Following on from Duncan’s post on social media, I wondered how this new medium could or would be regulated when applied to the financial services space. I found 2 articles on this subject but would welcome any comments whether there is anything more recent.
FINRA on Social Media
The first article describes how FINRA has decided that social media will not be regulated – mainly because the existing rules have a post-use filing requirement which they deem to be too demanding. In their words:
If every member firm is required to monitor and review all of the online postings of all of its registered representatives, and every member firm is required to file those that trigger a filing requirement, the impact upon FINRA is potentially overwhelming.
I’m more than a little curious about this & guess that the concern isn’t the cost of storage but how a firm can collect posts from their employees where they have used non-work systems.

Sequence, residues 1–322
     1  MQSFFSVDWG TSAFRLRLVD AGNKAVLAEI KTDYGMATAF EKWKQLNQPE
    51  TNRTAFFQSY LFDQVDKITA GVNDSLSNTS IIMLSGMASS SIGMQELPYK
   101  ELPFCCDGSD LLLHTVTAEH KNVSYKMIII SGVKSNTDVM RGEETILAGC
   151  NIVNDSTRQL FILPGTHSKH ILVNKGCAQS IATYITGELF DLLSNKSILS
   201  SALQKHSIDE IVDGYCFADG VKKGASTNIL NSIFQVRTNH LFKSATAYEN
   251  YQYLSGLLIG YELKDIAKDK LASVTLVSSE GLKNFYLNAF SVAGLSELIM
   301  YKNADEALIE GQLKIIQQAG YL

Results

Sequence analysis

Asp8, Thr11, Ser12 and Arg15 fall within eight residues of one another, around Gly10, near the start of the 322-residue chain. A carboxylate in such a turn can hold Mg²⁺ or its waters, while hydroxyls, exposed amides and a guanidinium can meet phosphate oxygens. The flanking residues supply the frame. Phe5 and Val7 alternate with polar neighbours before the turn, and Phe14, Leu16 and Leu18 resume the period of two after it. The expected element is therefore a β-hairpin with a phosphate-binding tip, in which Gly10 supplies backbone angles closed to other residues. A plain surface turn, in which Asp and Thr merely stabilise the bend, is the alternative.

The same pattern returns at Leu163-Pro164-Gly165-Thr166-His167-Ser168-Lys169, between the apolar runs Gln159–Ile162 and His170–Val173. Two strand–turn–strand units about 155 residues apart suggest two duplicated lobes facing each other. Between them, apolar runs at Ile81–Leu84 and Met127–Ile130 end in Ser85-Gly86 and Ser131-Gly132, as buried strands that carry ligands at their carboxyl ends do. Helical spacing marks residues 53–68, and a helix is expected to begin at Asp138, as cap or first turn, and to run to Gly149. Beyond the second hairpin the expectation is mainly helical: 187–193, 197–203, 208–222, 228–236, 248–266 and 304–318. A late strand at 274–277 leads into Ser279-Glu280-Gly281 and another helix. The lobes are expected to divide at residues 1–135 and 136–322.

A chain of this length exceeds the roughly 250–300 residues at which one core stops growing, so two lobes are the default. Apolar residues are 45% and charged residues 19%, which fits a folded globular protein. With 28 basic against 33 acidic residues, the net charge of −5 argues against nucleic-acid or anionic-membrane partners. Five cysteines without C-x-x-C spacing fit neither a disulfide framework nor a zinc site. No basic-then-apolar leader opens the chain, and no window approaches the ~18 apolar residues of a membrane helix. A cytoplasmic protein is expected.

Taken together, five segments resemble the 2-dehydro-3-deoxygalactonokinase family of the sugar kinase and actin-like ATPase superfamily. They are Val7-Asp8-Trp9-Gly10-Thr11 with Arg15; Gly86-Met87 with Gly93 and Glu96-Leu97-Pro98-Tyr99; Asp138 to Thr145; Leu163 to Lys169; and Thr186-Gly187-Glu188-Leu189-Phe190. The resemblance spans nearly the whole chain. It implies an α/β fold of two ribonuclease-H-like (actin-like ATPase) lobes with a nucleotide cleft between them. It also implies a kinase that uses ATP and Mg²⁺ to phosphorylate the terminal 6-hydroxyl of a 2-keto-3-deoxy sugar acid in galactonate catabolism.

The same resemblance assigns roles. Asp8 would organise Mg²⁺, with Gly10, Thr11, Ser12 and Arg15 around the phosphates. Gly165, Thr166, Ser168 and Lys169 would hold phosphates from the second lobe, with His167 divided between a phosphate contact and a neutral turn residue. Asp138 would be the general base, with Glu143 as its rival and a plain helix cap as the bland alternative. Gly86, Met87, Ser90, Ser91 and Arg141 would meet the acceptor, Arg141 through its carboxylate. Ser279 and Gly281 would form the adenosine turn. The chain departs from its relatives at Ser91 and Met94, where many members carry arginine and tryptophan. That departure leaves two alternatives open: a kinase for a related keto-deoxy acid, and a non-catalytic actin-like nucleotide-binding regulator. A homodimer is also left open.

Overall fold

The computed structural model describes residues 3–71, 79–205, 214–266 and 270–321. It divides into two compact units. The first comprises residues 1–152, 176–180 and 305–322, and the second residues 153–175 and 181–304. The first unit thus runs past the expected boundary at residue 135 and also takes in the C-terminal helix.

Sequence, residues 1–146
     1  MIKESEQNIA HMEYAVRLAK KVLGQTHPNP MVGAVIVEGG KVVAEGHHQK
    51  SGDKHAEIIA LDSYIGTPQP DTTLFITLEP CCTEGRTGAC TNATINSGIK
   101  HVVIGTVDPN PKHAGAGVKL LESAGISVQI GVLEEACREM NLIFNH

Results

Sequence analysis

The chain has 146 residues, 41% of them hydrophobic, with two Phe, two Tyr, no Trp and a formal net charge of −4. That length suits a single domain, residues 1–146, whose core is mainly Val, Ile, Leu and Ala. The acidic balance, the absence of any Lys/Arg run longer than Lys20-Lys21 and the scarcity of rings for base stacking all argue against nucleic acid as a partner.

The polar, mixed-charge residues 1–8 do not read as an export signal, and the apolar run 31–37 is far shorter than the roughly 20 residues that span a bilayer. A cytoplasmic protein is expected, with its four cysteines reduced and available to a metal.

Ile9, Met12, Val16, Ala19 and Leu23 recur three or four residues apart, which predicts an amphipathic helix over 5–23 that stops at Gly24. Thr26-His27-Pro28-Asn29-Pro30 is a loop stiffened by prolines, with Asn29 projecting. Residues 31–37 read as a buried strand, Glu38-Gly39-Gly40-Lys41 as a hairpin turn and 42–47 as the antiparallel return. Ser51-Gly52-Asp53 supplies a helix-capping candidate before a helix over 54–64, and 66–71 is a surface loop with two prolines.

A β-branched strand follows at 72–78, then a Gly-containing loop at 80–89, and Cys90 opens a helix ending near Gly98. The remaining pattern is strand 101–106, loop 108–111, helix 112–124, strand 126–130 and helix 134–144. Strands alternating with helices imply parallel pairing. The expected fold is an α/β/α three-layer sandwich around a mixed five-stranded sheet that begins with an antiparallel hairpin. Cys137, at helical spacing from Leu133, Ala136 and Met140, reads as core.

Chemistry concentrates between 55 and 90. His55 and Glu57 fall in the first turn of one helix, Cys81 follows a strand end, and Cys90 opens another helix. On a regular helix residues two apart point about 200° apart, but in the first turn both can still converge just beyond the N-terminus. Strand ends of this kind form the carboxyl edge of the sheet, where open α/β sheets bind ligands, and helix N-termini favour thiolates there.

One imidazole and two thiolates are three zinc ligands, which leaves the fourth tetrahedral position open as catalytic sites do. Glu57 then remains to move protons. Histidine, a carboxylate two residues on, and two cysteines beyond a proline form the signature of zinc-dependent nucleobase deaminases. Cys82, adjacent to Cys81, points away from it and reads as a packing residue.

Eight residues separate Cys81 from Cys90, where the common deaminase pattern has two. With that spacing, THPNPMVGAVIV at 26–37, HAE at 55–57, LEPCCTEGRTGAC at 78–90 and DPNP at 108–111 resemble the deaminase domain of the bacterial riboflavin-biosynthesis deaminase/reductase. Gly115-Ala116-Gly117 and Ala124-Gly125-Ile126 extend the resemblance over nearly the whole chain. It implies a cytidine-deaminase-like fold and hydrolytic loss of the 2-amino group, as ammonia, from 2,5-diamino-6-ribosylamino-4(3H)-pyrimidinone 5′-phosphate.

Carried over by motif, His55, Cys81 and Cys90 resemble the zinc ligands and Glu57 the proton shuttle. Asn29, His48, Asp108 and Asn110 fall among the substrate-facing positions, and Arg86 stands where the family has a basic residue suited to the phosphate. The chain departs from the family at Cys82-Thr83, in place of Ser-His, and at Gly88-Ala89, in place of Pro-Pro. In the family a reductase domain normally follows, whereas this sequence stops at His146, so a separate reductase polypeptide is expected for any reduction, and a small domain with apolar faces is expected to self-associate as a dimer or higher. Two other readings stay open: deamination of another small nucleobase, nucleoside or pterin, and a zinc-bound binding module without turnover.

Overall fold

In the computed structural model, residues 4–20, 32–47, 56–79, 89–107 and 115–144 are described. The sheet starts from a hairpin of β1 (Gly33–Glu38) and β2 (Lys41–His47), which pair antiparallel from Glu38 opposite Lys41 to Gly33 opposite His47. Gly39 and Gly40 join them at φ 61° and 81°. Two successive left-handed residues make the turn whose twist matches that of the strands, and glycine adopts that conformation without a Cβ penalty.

The SEC on Social Media
The second article describes the enforcement proceeding by the SEC against a US advisor promoting products via LinkedIn. As the article says:
“The action against Fields is part of a move by the SEC to step up oversight of how the investment industry uses social media, with the regulator taking the opportunity to publish alerts on the issue to investors and advisory firms.”
The notice to advisers warns that firms need to consider how to implement new compliance programs or revisit existing ones in the face of rapidly changing technology.
Given the growth of social media, I would guess that other regulators will be following the SEC’s lead.
Scott, forgive me directly contributing to your post, but a picture does paint a thousand words.
Yesterday’s Alex cartoon in the Daily Telegraph addressed the challenges banks will face in complying with FSA rules on use of mobile phones, and seemed very appropriate, so enjoy (link here)!